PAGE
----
Chron: erroneous miner story was a "pardonable sin"
Yesterday Chronicle Reader Representative James Campbell explained how the paper's goofed-up miner story was most certainly a forgivable error:
But if there is such a thing as a pardonable news media sin, this story offers the example. Granting a pardon, however, requires readers to appreciate the circumstances surrounding this story.
Ideally, if news about the trapped miners being rescued alive had begun circulating Tuesday morning, we likely would not be engaging in this discussion.
The reporter at the scene would have remained optimistically skeptical about initial reports of their rescue, but more importantly, would have gone through the logical progressions of verifying the information and its source.
But reality bites. Word about the miners' rescue began circulating about 11 p.m. our time, perilously close to when the last Chronicle editor leaves around 1 a.m. each morning. The early edition of the Chronicle reported that one miner had been found dead. Then the story changed.
"When the initial, erroneous, news broke that 12 miners were alive, we changed the front page between editions," said Chronicle managing editor John Wilburn. "Three hours later, around 2 a.m. (CDT) when the correction info moved, the press run was almost complete and the newsroom had all gone home. It was too late to change the story." Chron.com was one of the first Web sites in the country to post a corrected, updated version of the story.
Which, of course, is a perfect, PERFECT example of why the paper Chronicle is outdated and in a continuous state of declining circulation: The story never changed. The story always was that 12 miners died. The reporting was erroneous and IT changed, but not the story. Twelve miners didn't suddenly die between 11 p.m. and 2 a.m.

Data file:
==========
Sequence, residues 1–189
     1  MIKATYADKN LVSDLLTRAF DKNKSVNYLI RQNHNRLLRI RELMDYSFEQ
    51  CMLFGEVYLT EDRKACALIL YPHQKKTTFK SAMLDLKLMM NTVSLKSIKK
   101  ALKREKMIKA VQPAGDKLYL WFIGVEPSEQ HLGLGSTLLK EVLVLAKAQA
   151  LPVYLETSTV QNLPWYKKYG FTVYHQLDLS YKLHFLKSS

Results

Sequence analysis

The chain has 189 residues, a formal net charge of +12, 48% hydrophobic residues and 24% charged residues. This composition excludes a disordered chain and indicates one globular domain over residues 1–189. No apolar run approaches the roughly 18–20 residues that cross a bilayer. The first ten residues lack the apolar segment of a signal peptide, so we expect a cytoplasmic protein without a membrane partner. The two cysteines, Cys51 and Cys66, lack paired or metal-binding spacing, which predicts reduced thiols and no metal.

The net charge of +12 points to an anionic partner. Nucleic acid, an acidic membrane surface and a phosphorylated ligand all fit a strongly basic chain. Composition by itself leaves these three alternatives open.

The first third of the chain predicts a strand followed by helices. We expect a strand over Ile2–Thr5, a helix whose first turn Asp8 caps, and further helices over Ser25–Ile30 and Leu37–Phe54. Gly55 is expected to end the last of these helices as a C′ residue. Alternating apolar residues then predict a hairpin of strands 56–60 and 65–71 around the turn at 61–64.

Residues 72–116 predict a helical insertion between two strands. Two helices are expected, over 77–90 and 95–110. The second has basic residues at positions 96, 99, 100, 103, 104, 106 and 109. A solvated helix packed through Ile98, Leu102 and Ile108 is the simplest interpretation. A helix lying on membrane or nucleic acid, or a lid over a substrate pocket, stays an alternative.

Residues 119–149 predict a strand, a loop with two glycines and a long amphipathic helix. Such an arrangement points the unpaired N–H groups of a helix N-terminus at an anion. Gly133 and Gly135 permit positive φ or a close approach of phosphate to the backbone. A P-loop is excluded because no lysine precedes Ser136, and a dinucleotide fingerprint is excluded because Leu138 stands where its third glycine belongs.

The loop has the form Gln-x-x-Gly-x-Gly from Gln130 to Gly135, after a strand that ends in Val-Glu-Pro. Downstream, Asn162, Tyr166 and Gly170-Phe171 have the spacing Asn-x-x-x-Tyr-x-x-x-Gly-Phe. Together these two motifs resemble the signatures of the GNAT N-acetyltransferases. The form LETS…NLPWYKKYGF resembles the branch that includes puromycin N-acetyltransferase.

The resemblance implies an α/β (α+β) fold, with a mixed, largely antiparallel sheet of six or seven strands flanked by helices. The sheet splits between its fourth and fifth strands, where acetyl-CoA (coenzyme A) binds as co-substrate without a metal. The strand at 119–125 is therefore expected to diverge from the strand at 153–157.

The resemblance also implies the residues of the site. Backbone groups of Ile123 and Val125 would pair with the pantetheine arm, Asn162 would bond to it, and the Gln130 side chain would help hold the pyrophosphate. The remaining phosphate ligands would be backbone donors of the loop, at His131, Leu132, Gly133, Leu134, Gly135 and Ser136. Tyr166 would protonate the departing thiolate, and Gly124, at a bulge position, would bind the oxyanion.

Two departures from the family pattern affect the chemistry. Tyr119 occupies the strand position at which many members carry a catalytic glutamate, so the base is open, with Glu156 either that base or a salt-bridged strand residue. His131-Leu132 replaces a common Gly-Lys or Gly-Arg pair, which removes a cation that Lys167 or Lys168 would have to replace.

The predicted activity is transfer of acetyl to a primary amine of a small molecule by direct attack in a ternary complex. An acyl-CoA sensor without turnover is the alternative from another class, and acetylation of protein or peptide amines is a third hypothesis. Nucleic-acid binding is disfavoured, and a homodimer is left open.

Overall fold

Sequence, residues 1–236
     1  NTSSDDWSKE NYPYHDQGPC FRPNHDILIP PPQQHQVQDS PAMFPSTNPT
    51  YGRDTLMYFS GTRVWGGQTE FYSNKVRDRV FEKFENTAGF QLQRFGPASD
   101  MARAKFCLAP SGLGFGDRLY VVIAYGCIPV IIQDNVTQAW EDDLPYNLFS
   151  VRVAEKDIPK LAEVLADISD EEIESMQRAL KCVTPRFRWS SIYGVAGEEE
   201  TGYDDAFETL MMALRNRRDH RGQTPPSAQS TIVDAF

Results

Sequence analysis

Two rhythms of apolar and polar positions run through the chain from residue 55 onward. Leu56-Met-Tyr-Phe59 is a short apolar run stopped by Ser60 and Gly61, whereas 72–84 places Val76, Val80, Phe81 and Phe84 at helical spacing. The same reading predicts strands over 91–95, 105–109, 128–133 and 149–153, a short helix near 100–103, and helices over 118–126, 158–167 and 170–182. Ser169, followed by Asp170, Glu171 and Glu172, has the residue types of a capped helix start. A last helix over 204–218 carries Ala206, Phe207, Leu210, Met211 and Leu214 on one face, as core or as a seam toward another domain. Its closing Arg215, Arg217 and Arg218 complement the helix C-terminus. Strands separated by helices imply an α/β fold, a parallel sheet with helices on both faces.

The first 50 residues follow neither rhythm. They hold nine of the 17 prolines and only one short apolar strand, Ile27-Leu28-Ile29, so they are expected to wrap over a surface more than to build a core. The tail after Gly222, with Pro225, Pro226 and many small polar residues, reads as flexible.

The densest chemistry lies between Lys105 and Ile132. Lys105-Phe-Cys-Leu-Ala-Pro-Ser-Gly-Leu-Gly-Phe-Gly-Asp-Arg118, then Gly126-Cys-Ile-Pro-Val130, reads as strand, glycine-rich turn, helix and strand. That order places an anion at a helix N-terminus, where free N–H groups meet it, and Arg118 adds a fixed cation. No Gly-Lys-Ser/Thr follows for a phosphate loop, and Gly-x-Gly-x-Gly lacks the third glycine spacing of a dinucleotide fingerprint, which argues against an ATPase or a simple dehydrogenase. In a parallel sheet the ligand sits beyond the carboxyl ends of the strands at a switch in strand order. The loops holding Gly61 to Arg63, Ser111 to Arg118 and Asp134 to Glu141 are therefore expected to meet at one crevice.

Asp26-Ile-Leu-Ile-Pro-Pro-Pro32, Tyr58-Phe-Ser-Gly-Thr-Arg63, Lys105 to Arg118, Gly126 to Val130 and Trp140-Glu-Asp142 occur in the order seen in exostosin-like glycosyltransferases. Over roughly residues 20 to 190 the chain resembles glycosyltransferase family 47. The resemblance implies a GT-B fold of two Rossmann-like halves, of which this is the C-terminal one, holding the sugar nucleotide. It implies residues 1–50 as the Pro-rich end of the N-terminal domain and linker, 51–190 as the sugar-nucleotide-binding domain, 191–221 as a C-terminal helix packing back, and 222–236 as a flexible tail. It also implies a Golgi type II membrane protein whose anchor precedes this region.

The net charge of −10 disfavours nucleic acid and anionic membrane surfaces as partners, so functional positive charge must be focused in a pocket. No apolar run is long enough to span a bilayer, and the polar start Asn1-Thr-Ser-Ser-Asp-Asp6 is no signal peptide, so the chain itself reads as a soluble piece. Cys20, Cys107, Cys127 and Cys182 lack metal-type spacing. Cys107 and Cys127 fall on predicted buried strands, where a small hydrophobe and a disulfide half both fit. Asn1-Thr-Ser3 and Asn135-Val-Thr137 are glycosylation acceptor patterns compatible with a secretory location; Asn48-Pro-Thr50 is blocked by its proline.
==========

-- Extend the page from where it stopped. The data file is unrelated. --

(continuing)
And yet the Chronicle wants us to know that while this kind of reporting is never acceptable, it is pardonable. Maybe the folks at the Chronicle think it's pardonable, but many readers probably won't agree and this example of the media getting it very wrong will stick with us for a long time.
Instead of explaining why this is a pardonable screw-up, the Chronicle should have followed the lead of some other newspapers and issued a flat-out apology for getting the story wrong and letting down its readers. Period.
KEVIN WHITED ADDS: That "the story changed" meme must be making the rounds down at 801 Texas Avenue. That's the same erroneous notion that one Chronicle features editor (incidentally, the same one who ducks legitimate questions about features reporters impersonating Katrina evacuees) floated with a question on our message board last week.
I don't know why it is so hard for some journalists to admit mistakes. Admirably, some editors have stood up and said they blew it. Locally, we get "the story changed." I understand that the Chronicle reader rep position institutionally is more of a PR position than anything else, but I still can't believe any self-respecting newsman (or newswoman) would commit "the story changed" excuse to print (or pixels). Campbell could have apologized for the mistake, explained the circumstances that led to the mistake, and vowed to do better in the future, and that would have been a fine column. Instead, the PR line at the Chronicle is that it was wrong, but not really. Laughable.
RELATED: Spokesman in Miner Tragedy Says He Never Confirmed Miracle Rescue (Editor & Publisher)